uPVC repair is always the most cost-efficient and quickest option compared to the replacement of damaged items around the home.
The most common insurance claims are from forced entry damage to doors and windows; holes/cracks in baths, sinks and shower trays caused by something heavy being dropped on them; burns or stains from candles, cigarettes and hot cooking pans; accidental damage caused by installers and finally, DIY disasters.
Here are five ways to repair uPVC:
- Small holes, gouges, cracks and scratches can be filled, sanded down to recreate the original surface profile, and then sprayed to match any colour – even difficult whites, of which there are many hues.
- Larger holes and splits can be repaired with specialist kits of splints which Plastic Surgeon’s Finishers regularly use. They are adhered to the uPVC profile, ready to receive a two-part gel filler, prior to repair.
- uPVC has a ‘memory,’ so twisted or distorted sections – as happens when people lean ladders up against gutters – can be gently coaxed to their original shape with the careful application of heat.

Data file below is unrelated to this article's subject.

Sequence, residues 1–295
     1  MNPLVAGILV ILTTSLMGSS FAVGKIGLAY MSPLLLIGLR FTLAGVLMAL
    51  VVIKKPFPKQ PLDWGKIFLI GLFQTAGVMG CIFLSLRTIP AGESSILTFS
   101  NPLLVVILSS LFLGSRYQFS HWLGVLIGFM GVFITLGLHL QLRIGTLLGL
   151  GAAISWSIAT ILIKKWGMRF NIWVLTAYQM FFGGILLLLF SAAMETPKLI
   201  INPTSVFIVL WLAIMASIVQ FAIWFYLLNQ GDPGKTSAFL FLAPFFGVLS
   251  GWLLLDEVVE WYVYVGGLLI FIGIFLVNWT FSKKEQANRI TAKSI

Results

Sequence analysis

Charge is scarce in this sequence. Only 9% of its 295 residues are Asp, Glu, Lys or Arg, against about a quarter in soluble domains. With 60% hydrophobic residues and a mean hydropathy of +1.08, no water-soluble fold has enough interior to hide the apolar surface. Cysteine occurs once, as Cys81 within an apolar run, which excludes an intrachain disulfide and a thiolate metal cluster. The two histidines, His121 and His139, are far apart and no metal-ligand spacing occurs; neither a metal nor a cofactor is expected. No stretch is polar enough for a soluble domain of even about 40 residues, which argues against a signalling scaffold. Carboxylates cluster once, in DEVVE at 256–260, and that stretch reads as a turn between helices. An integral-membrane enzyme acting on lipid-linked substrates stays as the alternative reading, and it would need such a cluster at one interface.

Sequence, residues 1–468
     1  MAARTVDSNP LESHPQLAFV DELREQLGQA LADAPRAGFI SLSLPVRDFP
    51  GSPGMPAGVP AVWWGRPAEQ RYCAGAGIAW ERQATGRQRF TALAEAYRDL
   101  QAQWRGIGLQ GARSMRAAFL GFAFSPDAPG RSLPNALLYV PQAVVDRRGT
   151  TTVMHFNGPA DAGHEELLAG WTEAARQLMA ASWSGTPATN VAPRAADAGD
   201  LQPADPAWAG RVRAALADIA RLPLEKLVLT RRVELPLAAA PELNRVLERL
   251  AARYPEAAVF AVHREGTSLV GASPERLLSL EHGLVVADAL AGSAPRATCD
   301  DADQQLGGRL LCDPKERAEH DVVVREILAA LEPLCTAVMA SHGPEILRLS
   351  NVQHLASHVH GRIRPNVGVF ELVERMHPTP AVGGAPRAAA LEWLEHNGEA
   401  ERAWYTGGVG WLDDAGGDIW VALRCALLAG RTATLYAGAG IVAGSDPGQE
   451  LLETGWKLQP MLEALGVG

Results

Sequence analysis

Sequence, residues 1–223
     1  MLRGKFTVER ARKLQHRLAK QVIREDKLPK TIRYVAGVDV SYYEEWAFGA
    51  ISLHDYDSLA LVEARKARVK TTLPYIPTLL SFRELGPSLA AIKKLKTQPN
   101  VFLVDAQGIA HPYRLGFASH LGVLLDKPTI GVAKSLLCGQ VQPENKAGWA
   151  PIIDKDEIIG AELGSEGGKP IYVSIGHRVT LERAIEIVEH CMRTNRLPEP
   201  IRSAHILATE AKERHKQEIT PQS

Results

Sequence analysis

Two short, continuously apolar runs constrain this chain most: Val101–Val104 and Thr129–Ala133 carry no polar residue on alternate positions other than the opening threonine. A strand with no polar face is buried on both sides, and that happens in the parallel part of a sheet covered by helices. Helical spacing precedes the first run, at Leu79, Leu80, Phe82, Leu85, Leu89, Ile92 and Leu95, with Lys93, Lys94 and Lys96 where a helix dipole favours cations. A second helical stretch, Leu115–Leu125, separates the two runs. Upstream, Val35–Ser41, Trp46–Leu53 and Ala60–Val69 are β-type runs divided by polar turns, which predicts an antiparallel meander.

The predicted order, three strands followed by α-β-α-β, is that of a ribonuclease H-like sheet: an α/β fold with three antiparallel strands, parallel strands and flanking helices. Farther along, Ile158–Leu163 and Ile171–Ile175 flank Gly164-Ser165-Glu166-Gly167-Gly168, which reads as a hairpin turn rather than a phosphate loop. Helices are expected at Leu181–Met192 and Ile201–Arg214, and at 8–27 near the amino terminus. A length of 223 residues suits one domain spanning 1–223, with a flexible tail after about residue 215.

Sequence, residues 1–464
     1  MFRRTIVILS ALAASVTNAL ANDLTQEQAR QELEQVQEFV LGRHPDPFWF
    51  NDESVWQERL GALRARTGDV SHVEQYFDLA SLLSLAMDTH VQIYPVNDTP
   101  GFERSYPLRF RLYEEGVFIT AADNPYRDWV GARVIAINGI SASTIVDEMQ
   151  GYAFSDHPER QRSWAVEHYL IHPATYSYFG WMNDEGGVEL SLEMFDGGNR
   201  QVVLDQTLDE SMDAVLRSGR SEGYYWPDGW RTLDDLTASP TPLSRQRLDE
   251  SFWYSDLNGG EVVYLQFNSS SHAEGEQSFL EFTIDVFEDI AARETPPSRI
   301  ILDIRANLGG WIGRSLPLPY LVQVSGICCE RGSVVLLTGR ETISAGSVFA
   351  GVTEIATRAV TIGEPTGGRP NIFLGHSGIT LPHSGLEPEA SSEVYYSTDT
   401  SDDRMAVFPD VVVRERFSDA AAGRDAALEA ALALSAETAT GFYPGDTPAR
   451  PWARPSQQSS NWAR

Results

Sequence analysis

- Burns and stains can be cut out if deep, or gently abraded out when superficial: again, careful filling and smoothing back is required, before the surface is colour-matched to blend with the original structure.
- Minor scrapes and scratches can be polished away, with careful attention to ‘feathering’ out the repair area as necessary – this meaning the surface damaged is polished out in a shallow ‘dish,’ working away from the main area of damage, so that it is indiscernible to the naked eye.
Plastic Surgeon continues to invest in research and development of new products and techniques, making it possible to remedy damage to even film-coated and coloured uPVC, meaning that there is seldom any reason to send this material to landfill. And even though manufacturers claim uPVC to be almost infinitely recyclable, it is far more sustainable to have Plastic Surgeon repair it.